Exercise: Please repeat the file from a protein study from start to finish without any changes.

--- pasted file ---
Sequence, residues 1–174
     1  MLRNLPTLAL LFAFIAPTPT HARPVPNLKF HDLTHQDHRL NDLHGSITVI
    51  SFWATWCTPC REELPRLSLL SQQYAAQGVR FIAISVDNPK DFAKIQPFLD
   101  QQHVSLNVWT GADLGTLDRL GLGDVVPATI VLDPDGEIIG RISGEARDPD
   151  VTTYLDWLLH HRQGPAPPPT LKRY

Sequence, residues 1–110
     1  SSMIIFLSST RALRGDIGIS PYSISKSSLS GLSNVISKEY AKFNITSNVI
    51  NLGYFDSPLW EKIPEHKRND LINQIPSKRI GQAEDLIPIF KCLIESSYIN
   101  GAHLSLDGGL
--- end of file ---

Sequence, residues 1–174
     1  MLRNLPTLAL LFAFIAPTPT HARPVPNLKF HDLTHQDHRL NDLHGSITVI
    51  SFWATWCTPC REELPRLSLL SQQYAAQGVR FIAISVDNPK DFAKIQPFLD
   101  QQHVSLNVWT GADLGTLDRL GLGDVVPATI VLDPDGEIIG RISGEARDPD
   151  VTTYLDWLLH HRQGPAPPPT LKRY

Sequence, residues 1–110
     1  SSMIIFLSST RALRGDIGIS PYSISKSSLS GLSNVISKEY AKFNITSNVI
    51  NLGYFDSPLW EKIPEHKRND LINQIPSKRI GQAEDLIPIF KCLIESSYIN
   101  GAHLSLDGGL